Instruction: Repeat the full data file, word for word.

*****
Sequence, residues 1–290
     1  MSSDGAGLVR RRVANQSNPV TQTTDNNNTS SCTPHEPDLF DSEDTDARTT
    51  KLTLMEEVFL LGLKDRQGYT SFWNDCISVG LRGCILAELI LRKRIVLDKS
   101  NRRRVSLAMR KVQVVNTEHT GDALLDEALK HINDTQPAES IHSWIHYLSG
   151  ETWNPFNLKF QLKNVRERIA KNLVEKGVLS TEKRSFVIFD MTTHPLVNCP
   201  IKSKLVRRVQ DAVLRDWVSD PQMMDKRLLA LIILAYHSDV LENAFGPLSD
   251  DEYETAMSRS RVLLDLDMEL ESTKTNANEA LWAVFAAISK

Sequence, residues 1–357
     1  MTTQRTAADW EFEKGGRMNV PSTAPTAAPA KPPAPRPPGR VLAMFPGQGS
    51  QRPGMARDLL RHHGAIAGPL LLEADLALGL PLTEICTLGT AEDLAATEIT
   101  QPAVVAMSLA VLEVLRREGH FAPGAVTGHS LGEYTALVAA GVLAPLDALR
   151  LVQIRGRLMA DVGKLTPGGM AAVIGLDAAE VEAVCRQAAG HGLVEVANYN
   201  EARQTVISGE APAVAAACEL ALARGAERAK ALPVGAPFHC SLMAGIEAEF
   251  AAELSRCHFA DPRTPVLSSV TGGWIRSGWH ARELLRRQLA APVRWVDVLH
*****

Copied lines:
Sequence, residues 1–290
     1  MSSDGAGLVR RRVANQSNPV TQTTDNNNTS SCTPHEPDLF DSEDTDARTT
    51  KLTLMEEVFL LGLKDRQGYT SFWNDCISVG LRGCILAELI LRKRIVLDKS
   101  NRRRVSLAMR KVQVVNTEHT GDALLDEALK HINDTQPAES IHSWIHYLSG
   151  ETWNPFNLKF QLKNVRERIA KNLVEKGVLS TEKRSFVIFD MTTHPLVNCP
   201  IKSKLVRRVQ DAVLRDWVSD PQMMDKRLLA LIILAYHSDV LENAFGPLSD
   251  DEYETAMSRS RVLLDLDMEL ESTKTNANEA LWAVFAAISK

Sequence, residues 1–357
     1  MTTQRTAADW EFEKGGRMNV PSTAPTAAPA KPPAPRPPGR VLAMFPGQGS
    51  QRPGMARDLL RHHGAIAGPL LLEADLALGL PLTEICTLGT AEDLAATEIT
   101  QPAVVAMSLA VLEVLRREGH FAPGAVTGHS LGEYTALVAA GVLAPLDALR
   151  LVQIRGRLMA DVGKLTPGGM AAVIGLDAAE VEAVCRQAAG HGLVEVANYN
   201  EARQTVISGE APAVAAACEL ALARGAERAK ALPVGAPFHC SLMAGIEAEF
   251  AAELSRCHFA DPRTPVLSSV TGGWIRSGWH ARELLRRQLA APVRWVDVLH